top US spot in 31st.  All of the team US men fell outside of the quarterfinals (30), so we put on puffy coats to cheer on

the women.  Nina Silitch made US Skimo history by battling super hard to a 2nd place.  It was incredibly impressive to see her do so well.  That afternoon team USA went to the awards ceremony to cheer for Nina, and after there was a whole lot of celebrating. 

 

Tuesday February 12

Tuesday was one of the highlights of the whole trip for me.  I was able to get out on course and cheer for my good friend Micah Thatcher.  Micah is an amazing 17 year old, who I have been helping get into the sport. He came to the Worlds as out only junior racer and did an incredible job duking it out with some über tough euros.  He fought hard the entire race, had an epic crash after straight-lining an entire descent that resulted in a broken ski.  We scrambled to help him find a ski, and after a few minutes we had him back on course.  He continued to rally and finished a very respectable 18th.  Meredith, Chad and I skied some of the fresh pow after the race before calling it a day.

 

 

Micah about to point it for 1000' 

February 13 

Andy and I cruised out of the hotel in time to watch thestart of the individual race, and then we caught the chairlift/Poma Lift combo to get to a good vantage point to watch the race.  We had a great timewatching the leaders come through followed closely by the US contingent. We hung around watching the ladies come through and then we skied down to the finish.  We missed the top men finishing but arrived just in time to see Janelle Smiley come charging in to the finish, passing a one more racer in the final meters of the race.  She finished 13th overall.  After the race both Andy I and took some time to recon the vertical course, which we would both be racing the next day.  After I went back to the hotel and took an extra recovery catnap and started to get my head in the right place for the next day's effort.

Thursday February 14

I woke up ten minutes before the alarm clock and headed down to eat breakfast.  I wanted to make sure I was fueled, but stomach was empty before the race start. I then got my kit ready and tinkered for for another half an hour before it was time to go down and start warming up. I followed Adam's instructions very carefully for my warm-up and timed it just right to line up for the start.  I honestly can't remember too much about the next 30 minutes and 39 seconds other than I told myself over and over again to push s hard as you can. I remember starting to have the metallic taste in my mouth maybe ten minutes into the race and having the narrowing of my vision as turned the last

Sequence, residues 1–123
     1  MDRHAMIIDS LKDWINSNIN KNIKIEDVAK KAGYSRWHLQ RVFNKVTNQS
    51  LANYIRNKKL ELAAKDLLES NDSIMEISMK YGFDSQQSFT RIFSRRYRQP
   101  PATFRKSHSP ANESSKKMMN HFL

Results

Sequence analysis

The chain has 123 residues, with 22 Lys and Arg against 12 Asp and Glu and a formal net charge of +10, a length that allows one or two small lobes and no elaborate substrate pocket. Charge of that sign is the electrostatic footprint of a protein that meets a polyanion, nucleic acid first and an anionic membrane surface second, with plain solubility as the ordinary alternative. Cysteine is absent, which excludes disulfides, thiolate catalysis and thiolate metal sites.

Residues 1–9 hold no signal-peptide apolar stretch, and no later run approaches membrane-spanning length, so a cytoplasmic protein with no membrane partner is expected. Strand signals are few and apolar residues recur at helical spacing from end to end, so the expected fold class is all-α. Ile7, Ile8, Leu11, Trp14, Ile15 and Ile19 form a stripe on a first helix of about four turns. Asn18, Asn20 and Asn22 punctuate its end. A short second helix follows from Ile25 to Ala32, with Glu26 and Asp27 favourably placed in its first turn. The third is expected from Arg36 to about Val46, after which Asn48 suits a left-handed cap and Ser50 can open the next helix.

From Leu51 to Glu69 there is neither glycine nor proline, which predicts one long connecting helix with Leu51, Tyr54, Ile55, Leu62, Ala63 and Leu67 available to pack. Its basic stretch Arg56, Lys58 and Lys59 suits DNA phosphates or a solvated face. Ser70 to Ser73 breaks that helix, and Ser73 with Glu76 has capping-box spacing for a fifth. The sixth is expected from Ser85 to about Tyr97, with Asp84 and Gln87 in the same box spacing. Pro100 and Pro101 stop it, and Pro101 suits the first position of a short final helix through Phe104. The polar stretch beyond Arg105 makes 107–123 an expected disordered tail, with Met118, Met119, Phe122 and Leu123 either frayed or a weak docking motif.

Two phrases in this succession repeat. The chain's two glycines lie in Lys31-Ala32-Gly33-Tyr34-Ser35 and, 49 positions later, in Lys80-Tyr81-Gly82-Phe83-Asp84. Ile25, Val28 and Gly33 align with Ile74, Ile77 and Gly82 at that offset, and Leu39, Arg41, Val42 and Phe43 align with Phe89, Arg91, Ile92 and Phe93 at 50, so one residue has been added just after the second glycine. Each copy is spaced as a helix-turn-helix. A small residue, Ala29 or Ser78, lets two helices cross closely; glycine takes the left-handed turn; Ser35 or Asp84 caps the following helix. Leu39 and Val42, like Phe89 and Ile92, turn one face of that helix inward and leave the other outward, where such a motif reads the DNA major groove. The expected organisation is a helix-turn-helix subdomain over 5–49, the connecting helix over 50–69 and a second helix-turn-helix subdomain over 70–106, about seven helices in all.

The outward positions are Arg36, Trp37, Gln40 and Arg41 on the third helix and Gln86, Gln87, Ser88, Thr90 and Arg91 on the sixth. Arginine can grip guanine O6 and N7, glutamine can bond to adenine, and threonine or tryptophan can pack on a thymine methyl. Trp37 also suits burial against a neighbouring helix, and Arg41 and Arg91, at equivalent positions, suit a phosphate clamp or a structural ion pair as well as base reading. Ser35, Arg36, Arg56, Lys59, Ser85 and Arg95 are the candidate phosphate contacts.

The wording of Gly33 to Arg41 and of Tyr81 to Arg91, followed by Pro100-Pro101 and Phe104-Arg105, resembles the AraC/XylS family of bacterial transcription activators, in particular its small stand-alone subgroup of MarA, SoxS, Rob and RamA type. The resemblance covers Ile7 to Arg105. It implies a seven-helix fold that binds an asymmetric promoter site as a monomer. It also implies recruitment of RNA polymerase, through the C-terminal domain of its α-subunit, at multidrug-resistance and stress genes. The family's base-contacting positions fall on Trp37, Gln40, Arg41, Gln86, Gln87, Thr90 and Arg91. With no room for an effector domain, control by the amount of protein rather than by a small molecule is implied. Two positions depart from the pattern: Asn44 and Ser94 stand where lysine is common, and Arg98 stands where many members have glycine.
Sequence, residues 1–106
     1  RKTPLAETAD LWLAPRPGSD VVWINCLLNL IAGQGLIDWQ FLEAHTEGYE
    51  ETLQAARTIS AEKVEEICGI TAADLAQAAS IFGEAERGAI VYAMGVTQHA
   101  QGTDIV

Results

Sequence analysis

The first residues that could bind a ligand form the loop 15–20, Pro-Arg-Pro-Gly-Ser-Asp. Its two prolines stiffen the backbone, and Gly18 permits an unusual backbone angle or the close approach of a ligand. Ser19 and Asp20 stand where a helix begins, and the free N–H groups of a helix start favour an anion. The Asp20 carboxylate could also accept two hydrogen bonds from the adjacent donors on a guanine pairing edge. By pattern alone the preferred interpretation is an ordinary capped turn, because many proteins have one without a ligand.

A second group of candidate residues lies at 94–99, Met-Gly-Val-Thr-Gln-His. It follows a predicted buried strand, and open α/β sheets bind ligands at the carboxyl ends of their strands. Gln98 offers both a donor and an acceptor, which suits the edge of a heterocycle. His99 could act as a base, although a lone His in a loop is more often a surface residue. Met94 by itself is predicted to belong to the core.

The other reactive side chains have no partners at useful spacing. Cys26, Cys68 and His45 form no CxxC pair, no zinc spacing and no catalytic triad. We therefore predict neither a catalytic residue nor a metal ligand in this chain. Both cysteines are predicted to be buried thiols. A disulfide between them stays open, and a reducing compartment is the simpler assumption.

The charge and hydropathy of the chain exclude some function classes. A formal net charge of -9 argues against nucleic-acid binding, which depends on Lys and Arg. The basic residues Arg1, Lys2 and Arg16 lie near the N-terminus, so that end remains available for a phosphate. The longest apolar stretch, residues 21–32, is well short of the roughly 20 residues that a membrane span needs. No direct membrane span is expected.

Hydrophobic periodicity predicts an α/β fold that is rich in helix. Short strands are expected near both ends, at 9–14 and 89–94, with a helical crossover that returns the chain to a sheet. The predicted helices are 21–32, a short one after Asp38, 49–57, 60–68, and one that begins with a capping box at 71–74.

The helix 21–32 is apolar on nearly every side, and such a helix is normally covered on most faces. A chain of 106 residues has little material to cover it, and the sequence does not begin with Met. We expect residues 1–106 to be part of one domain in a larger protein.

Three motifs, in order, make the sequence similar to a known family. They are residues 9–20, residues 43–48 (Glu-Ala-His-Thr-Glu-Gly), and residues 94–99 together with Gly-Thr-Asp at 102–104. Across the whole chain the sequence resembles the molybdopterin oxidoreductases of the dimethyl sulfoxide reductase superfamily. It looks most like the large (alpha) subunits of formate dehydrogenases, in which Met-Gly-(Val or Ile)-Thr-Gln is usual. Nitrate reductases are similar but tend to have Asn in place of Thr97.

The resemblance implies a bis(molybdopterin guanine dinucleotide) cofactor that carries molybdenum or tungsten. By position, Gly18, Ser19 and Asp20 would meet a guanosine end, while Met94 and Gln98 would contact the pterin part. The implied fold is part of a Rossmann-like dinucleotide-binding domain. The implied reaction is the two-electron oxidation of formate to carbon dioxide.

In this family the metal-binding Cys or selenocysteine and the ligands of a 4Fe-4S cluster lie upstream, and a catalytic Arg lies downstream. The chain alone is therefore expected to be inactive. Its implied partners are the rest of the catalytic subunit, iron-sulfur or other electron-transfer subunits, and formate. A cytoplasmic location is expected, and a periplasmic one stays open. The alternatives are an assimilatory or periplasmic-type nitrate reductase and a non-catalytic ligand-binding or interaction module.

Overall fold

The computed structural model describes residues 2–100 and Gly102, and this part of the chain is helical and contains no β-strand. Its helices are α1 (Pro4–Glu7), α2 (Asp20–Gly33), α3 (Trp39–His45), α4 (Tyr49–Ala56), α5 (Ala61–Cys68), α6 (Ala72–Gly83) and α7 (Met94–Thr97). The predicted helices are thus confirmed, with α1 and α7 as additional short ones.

switchback. I finished feeling very, very worked.  I was a little disappointed that I didn't finish further up in the pack,

but after looking at my HR data from the race I had to be satisfied. For the entire effort I held my HR within 2 beats per minute of my anaerobic threshold, with about half of it being two to three BPM over! I finished 46th overall and 3rd US racer.  

That afternoon, after spending too much time on the phone with Avis Rental Car Assistance (long story, but I wasted far too much time on the phone, and we pretty much ended up buying a fiat van...don't ever rent from that

company.) Chad and I rallied to catch a crew that left about an hour ahead of us to ski a big line Andy had spotted a few days before.  A little over an hour of hustling up the way we thought they had gone we caught sight of our compatriots.  We finally caught on and proceeded to follow Andy up a huge line deep in Ecrin's National Park.  We